Is Finding the Next Tom Brady a Matter of Psychological Testing?

Each year, hundreds of college football players gather at the National Football League (NFL) scouting combine for a week of rigorous physical testing, performed in front of the league’s coaches, general managers, and scouts. Implications of an athlete’s performance at the combine can ultimately determine their future in professional football, and implications of each team’s assessment of draft choices can have a major impact on the organization’s future direction and success in the league (4).

What exactly are teams looking for? What makes a player great, and how can one identify the skills, qualities, and characteristics that contribute to this greatness in the context of the combine? These are the kinds of questions Cyrus Mehri, Harold Goldstein, and Kenneth Yusko set out to answer when they devised the Player Assessment Tool (PAT), which was introduced at the 2013 NFL combine (3). The PAT is a psychological assessment designed to determine and quantify the nebulous qualities believed to make the most successful players (2).

The PAT is not the first attempt by the NFL to include psychological testing in the combine. Since the 1970s, the NFL has included a standardized psychological measure of intelligence and cognitive ability called the Wonderlic Personnel Test (WPT) (2). Although the validity and reliability of the WPT has been established in employment settings, the test does not appear to have utility in professional football (1). Furthermore, several concerns have been raised about its use. For example, there has been some evidence of the test being biased against test-takers from lower socio-economic backgrounds (4, 5), and of it being useful only for specific positions (2, 3, 5).

In light of this criticism, Mehri pitched the idea of the PAT, a football-specific psychological test, to the NFL. Upon receiving the green light, Mehri, Goldstein & Yusko set out to devise an unbiased, holistic test to give teams a clearer insight into a broader range of players (2, 3, 5). First, they asked a group of NFL general managers what qualities they wanted in a player and came up with 16 aspects thought to be predictors of NFL success (2). Based on this broad range of qualities, the PAT was designed to measure both cognitive and non-cognitive ability, as it pertains to football, by assessing players in 4 domains: football smarts (e.g. how quickly they process information), psychological attributes (e.g. work habits, ambition, motivation), learning style (e.g. is the player a visual or aural learner?), and motivational cues (e.g. what inspires a player to work and achieve) (3). The test is also structured to reduce the benefit of prior knowledge, which may account for cultural differences in test results (3).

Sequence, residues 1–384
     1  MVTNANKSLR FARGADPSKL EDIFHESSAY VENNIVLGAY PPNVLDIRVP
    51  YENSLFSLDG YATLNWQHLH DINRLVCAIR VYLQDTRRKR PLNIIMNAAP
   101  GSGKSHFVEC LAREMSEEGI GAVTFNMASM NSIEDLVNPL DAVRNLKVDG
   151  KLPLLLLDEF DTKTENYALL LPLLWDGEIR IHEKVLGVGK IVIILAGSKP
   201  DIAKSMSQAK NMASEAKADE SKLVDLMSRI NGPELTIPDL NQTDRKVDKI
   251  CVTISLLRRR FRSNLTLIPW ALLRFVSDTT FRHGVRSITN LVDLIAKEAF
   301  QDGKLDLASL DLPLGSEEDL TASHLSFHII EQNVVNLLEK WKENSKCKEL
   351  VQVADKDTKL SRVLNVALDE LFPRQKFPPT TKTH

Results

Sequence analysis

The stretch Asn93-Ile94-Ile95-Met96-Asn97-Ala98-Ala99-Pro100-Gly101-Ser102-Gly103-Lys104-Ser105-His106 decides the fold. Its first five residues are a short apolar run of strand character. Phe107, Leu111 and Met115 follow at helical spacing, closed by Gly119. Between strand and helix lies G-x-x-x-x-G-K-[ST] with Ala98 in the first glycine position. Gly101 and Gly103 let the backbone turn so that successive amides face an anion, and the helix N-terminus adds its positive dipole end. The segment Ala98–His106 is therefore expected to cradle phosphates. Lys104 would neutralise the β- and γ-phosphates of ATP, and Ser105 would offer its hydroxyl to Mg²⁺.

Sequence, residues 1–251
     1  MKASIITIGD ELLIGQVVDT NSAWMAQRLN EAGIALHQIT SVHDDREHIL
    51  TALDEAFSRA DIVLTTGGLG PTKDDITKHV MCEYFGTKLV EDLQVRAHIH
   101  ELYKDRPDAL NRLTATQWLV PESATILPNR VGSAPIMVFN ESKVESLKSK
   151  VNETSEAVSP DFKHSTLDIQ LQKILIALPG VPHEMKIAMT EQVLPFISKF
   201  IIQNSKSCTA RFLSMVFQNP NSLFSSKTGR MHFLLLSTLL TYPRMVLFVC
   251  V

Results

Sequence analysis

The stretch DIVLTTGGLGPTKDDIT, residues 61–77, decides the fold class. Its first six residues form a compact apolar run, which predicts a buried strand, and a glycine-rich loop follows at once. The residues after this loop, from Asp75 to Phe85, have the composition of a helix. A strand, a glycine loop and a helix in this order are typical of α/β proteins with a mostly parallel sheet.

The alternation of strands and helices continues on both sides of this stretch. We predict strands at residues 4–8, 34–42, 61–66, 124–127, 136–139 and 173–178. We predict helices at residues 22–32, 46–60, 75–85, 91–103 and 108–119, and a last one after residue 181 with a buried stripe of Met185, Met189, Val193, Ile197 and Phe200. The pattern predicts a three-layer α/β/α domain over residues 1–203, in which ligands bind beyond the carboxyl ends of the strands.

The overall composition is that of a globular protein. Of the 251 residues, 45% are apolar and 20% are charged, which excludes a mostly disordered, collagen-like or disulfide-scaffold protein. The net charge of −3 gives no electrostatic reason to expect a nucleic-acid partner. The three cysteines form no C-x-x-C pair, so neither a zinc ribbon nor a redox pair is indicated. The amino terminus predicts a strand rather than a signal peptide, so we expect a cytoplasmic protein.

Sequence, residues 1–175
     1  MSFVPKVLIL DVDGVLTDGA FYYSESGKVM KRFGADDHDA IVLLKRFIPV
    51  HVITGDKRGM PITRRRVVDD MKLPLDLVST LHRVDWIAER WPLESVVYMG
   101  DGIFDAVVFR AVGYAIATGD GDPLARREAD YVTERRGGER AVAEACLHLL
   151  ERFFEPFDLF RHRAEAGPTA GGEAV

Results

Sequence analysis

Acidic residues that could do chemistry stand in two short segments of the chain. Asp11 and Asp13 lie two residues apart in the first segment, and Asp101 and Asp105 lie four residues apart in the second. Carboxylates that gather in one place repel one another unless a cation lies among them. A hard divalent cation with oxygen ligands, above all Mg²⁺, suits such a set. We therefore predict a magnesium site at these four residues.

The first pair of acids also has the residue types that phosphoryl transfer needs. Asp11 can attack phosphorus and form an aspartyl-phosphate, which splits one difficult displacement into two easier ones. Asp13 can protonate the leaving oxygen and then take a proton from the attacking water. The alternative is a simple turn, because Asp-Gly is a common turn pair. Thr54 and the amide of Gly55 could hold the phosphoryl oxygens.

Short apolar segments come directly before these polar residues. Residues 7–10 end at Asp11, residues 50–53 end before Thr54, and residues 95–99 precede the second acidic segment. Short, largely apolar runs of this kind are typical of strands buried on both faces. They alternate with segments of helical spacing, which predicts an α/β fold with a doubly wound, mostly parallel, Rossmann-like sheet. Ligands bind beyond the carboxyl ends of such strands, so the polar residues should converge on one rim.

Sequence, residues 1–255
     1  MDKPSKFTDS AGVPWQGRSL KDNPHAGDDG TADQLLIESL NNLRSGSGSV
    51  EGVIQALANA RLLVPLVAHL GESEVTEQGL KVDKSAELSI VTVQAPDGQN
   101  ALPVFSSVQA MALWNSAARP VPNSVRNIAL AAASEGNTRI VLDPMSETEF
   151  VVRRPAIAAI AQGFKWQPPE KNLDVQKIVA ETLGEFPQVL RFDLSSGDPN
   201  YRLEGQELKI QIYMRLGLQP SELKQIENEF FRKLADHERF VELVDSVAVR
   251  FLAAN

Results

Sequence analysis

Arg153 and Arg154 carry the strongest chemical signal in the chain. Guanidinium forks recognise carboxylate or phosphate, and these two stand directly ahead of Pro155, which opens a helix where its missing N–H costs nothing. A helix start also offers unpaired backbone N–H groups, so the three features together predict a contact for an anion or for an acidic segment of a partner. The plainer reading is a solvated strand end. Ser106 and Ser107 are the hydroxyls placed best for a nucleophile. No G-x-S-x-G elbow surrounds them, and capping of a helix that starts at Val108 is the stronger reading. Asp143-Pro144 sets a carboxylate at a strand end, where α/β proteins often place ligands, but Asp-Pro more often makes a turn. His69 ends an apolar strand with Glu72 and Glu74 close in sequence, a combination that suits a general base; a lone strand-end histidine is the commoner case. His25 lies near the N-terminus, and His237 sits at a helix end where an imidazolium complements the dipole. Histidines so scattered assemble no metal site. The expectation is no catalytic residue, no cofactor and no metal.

Although it is unlikely that any test will perfectly predict performance, preliminary validation studies have shown a stronger-than-expected correlation between how players perform on the PAT and their performance on the field (3). Furthermore, many NFL teams have already made use of the results, requesting detailed summaries to better inform coaches about how to get the most out of their athletes (3). Although optimistic, this evidence is still preliminary. In order to determine the test’s true ability to predict whether a combine athlete is indeed the next Tom Brady, the first class of players to take the test will need more time to develop in their NFL careers.

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(1) Adams, A. J., & Kuzmits, F. E. (2008). Testing the relationship between a cognitive ability test and player success: The National Football League case. Athletic insight, 10(1).

(2) Battista, J. (2013). N.F.L. Tries New Method for Testing Mental Agility. Retrieved March 16, 2016, from

(3) Bien, Louis. (2015). How the Player Assessment Tool may save NFL teams from themselves. Retrieved on March 16, 2016, from

(4) Bell, J. (2013). Watch out Wonderlic, there’s a new combine test in town. Retrieved on March 16, 2016, from

(5) Howard, Johnette. (2013). NFL Draft 2.0. Retrieved on March 16, 2016, from

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